Imagine: a city with no cars
Let’s declutter the CBD
For over a decade I have been advocating the banning of motor traffic in the Melbourne CBD.
Cars are great for travelling between suburbs or travelling to the city centre, but do we want them in the city itself?
Melbourne is blessed with very wide boulevards. Our founding fathers and mothers designed a simple grid with super streets. The new city was to stand in stark contrast to Sydney, which with minimum planning, evolved in a haphazard manner from a collection of streets and laneways.
At the time the concept of super streets was thought to be so extravagant that the government ordered the inclusion of a number of small or “little” streets.
Today we fill these wide boulevards with cars.
I first became interested in the subject when I noticed the visible effects of car pollution on the city. Coming into the city every morning, one could not help notice the dirty brown ring of pollution that encircled the CBD, like the scum ring left in your sink after you have washed a particularly filthy set of dishes and pans.
On bad days the city would be shrouded in smog with only the tops of the tallest buildings visible from a distance.
With no heavy industry in the city for several decades the source of this pollution can only be petrol powered traffic.
Tens of thousands of cars drive into and out of the Melbourne CBD each day. At peak hour twice a day, traffic slows to a crawl as congestion chokes the city. Pollution increases markedly when traffic moves slowly.
For drivers, Melbourne presents alternate routes to those wishing travel north-south or east-west. There is no need to travel through the CBD.
The city will soon boast 100,000 residents. Most of the new residential buildings do not have car parks. The vast majority of these residents do not park in the city. They do not need their cars, if they own cars, in the CBD.
Melbourne has an extensive tram system so commuters can easily cross the city without their car….and it’s free.
More people may be encouraged to cycle into the city if bikes did not need to compete with cars.
My proposal would be to close or substantially close the CBD to motor traffic.
With every change there are always winners and losers. One of the losers from this proposal would be inner city car parks.
The changes will not be introduced overnight and during the transition period, car parks should be encouraged to relocate to the edge of the CBD.
People with mobility restrictions would require careful consideration. In one sense, with cars removed from the streets they will have greater freedom to move within the city. The challenge will be getting into the city.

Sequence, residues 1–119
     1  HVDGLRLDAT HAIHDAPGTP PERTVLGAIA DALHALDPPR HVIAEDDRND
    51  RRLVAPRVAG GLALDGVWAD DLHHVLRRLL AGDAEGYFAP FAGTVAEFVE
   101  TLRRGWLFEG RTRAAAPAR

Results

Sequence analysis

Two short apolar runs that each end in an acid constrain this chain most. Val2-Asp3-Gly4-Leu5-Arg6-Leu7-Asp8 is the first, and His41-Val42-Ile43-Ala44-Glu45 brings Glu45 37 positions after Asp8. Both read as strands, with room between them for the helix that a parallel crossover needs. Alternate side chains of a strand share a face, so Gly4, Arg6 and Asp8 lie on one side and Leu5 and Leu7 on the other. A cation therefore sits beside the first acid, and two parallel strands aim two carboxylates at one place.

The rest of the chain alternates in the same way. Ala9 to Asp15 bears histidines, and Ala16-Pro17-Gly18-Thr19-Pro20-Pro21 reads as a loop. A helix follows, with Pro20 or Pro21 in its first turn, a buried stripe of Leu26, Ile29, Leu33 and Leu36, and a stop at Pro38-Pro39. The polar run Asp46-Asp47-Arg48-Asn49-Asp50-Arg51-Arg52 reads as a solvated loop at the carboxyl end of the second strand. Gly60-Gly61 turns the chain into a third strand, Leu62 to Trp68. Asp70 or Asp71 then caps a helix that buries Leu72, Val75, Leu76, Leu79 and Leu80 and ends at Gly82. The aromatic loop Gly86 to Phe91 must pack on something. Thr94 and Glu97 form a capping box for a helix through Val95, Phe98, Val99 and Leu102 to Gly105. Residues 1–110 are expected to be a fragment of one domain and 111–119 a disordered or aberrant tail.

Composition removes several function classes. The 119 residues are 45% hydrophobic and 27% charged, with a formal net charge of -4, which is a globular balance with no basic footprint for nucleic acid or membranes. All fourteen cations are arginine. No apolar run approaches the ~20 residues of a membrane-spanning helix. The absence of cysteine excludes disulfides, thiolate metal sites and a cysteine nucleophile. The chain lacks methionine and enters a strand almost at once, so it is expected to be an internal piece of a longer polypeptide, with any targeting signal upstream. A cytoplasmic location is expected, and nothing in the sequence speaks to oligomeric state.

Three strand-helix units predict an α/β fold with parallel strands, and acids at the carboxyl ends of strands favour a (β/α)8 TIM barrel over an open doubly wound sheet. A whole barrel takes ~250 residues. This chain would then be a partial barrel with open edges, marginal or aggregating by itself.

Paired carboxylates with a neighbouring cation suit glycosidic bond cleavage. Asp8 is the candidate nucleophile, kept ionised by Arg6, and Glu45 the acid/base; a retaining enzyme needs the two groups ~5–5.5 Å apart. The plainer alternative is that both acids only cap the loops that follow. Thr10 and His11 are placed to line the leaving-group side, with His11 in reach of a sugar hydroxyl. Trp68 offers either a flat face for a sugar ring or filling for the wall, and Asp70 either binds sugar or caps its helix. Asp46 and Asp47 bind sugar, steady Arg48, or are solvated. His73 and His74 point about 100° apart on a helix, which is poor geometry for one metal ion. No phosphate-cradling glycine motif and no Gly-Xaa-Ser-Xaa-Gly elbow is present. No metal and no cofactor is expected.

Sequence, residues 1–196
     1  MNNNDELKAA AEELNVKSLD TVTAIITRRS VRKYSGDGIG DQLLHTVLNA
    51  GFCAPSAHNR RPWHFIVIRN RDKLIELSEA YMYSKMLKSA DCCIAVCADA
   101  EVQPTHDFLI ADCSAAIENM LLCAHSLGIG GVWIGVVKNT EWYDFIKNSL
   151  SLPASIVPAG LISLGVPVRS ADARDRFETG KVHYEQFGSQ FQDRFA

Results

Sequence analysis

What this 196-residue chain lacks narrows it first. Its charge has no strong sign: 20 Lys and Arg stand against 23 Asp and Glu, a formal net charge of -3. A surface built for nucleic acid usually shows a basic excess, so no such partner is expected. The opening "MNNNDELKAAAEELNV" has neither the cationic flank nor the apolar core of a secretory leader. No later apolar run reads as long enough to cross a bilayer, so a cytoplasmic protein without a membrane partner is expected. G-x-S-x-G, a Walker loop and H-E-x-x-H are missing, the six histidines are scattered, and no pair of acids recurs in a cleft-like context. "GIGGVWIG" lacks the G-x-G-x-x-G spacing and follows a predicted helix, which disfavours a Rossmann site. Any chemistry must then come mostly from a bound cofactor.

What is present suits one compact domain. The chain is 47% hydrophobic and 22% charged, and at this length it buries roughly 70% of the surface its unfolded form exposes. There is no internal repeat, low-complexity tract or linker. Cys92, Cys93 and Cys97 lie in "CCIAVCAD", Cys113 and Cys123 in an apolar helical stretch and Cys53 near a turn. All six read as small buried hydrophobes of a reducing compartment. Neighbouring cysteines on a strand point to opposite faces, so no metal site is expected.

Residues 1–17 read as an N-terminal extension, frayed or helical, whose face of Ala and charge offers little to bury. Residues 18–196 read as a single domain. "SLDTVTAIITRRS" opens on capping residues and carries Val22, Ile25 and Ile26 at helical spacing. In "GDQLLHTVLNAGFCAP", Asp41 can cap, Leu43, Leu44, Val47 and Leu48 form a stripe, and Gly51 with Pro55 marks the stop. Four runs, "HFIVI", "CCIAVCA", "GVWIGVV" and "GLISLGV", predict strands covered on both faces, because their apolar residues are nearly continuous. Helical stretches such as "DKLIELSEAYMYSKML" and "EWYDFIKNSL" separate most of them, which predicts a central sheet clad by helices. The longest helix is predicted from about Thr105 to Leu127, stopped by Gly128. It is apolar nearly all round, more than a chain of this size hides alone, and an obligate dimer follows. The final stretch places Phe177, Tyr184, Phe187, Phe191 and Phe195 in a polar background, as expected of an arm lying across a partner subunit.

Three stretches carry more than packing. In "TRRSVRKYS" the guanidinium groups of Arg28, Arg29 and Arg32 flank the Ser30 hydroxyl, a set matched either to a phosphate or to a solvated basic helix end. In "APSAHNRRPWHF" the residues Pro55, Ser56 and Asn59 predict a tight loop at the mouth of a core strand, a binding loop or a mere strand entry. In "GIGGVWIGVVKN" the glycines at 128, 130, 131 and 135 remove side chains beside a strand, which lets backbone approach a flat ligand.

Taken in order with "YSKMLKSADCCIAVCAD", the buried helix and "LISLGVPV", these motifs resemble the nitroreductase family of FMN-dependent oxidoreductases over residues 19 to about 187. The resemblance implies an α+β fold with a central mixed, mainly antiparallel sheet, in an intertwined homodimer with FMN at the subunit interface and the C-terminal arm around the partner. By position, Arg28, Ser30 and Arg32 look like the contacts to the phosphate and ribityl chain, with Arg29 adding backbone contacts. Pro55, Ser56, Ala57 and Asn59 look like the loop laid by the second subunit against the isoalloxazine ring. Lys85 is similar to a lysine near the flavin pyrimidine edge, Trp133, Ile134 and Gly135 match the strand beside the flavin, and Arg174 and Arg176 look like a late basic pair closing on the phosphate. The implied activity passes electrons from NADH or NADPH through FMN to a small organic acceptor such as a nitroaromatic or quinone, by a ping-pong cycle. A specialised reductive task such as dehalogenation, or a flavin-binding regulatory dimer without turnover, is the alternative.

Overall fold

Retail stores and the entertainment precinct may be concerned about my proposal. I am not sure how many people drive into the city to shop or visit the theatre. I would have thought that shops would face a greater threat from the World Wide Web.
Who knows, once the city becomes people-friendly and a veritable pedestrian wonderland, there should be more people in the city centre rather than less.
There is no reason why the public transport infrastructure inside and below the city cannot be remodelled to better service the retail and entertainment precincts. Taxis can be focussed in these areas, increasing the flow of patronage.
So what, precisely am I proposing?
Given the unique grid of wide and narrow streets, we could free the wide streets for people and keep a few of the narrow streets open for necessary traffic.
I would allow taxis and Uber (only gas powered and later electric) in certain areas of the city. Buses will be permitted to run on the streets that remain open to traffic. Trucks that need to bring supplies into the CBD must do so after midnight and before 5am.
Barricades would be erected to keep motor traffic out of the majority of the CBD.
I would propose that once the streets are free of cars we remodel the space with gardens, fountains, piazzas, ponds, statues, sculptures, an ampitheatre, benches and wonderful gathering spaces.
Everyone excited yet?
As the world’s population increases and cities become larger it is important that we make considered and deliberate decisions about our space. Competition for space is increasing and we must ask ourselves do we really want to share our city streets with cars? Let’s take back our streets.
Recent (tragic) events in the city, have reminded us that sometimes cars and people in the same space, do not mix.
Do we not want to make it the best city it can be? Let’s not fill our streets with motor traffic because we can or because historically the city has evolved in that way.
The age of minimalism is on the rise. Let’s declutter the city. Let’s make it safer and cleaner. Once the cars are out and we can truly enjoy the generous space left behind, we will ask ourselves why we didn’t make these changes earlier.
Cars pollute our air. They steal our peace. They increase the risks to pedestrian traffic. Let’s end the chaos and stop the madness.
LET’S WORK TOWARDS A CAR FREE CITY